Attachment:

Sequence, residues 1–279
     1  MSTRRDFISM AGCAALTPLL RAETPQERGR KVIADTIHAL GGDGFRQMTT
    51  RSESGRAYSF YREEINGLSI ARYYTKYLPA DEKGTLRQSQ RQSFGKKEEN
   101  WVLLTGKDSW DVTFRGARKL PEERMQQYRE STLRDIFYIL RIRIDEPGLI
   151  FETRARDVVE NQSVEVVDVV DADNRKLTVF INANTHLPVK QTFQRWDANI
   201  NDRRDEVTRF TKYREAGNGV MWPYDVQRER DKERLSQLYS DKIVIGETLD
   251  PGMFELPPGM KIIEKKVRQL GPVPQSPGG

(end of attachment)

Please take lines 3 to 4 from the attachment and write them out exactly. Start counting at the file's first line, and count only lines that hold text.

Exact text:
    51  RSESGRAYSF YREEINGLSI ARYYTKYLPA DEKGTLRQSQ RQSFGKKEEN
   101  WVLLTGKDSW DVTFRGARKL PEERMQQYRE STLRDIFYIL RIRIDEPGLI